Resurgence of “Old School” Hip-Hop

They're gone but their music is making a comeback! Photo Courtesy: TupacAmaruShakur
They’re gone but their music is making a comeback! Photo Courtesy: TupacAmaruShakur

By Ethan Harmon

If you’re like me, then you’ve been getting tired of the mainstream hip-hop scene. The likes of 2Chainz, Drake, Lil’ Wayne, Rick Ross, amongst others, have been polluting the genre with a façade of “hard,” rich, fame-ridden “badasses.” Listening to song after song with similar beats, and eerily similar lyrics about partying, cars, money, frivolous spending and annoying misogyny has literally driven me to not listen to radio anymore and find solace in my iPod. But, from the looks of it, the “old school” rap game is making its comeback. And that will put a smile on my face.

The reason older rap artists have an absurd amount of respect, with a massive following, is due to the content of their lyrics, the originality of the topics and the amount of effort that was put into the beats and hooks for every song. Sure, there were songs about “money, clothes and hoes,” but a lot of songs came from the heart. The Notorious BIG, Tupac, Wu-Tang Clan and Nas all spoke from their minds and hearts, commenting about the ill treatment of minorities, the tough lives growing up in rough neighborhoods and how they struggled to make something out of themselves. It was great, inspirational and an absolute blast to listen to.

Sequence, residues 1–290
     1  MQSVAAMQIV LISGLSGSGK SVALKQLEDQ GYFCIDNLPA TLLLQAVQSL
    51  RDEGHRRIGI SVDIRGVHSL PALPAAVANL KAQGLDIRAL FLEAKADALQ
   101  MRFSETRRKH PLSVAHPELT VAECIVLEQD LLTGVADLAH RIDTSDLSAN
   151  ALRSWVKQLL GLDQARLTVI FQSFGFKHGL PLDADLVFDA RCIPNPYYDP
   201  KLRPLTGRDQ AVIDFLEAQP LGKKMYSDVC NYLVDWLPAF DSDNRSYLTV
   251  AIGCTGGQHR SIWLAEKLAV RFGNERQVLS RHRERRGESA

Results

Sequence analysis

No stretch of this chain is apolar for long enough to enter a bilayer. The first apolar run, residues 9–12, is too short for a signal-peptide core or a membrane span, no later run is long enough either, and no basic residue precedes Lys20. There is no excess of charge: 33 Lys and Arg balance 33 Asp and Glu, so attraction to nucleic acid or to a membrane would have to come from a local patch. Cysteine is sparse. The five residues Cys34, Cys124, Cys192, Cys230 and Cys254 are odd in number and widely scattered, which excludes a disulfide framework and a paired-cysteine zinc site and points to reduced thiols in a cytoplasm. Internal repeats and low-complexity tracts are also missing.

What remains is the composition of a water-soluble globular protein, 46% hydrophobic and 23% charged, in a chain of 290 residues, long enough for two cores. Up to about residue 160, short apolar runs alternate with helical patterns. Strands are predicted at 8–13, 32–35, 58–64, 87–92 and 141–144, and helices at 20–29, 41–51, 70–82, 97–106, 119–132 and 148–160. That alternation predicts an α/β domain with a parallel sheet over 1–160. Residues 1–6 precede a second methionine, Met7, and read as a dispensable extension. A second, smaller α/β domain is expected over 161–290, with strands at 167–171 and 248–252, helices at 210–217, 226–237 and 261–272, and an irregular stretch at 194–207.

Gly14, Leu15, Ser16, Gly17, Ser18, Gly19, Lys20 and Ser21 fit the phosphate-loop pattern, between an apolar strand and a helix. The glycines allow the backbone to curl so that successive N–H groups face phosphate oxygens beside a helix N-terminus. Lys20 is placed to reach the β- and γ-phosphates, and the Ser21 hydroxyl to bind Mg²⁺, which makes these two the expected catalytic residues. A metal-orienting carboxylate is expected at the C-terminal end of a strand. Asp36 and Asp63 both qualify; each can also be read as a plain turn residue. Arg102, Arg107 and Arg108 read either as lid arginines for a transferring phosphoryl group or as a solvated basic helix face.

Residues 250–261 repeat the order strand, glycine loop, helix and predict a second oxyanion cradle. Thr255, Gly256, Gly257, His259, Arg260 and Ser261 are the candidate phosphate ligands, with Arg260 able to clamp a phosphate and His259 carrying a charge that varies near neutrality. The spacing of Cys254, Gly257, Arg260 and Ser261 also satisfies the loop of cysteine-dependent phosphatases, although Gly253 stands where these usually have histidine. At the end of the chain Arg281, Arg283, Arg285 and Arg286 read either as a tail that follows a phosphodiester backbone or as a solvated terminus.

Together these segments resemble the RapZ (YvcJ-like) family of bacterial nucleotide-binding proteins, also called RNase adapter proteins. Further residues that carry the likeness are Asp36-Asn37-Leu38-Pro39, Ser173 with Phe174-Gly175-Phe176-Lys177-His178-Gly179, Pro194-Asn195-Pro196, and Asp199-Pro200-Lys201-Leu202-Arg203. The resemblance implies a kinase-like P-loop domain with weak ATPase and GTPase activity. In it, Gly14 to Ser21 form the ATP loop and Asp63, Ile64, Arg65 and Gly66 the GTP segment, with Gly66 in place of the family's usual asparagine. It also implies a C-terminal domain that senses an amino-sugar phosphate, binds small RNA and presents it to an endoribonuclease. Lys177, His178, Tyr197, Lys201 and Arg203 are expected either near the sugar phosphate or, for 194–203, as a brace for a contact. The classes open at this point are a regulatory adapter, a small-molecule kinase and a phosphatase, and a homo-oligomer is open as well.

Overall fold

And now, Eminem, Childish Gambino, Dizzy Wright, Nas, Hopsin and a bunch of underground artists are looking to put the heart back into hip-hop. These indie, underground and for a few, mainstream artists are staying true to their art and craft and writing the songs that they want to write, speaking about what they feel they need to rap about. No more “I have money, look at how cool I am” flooding the genre (though, I’m sure that will stick around). It’s back to the roots of hip-hop, and back to the idea of speaking from the heart and mind, speaking to the world and giving a message.

So, I’m hopeful. I think that these artists can redeem rap and bring it back to where it should be. I think that hip-hop will make its comeback, instead of staying in a stagnant state of, well, whatever the hell it is now. So, cross your fingers with me, and let’s see what these artists can do. Let’s see hip-hop come back.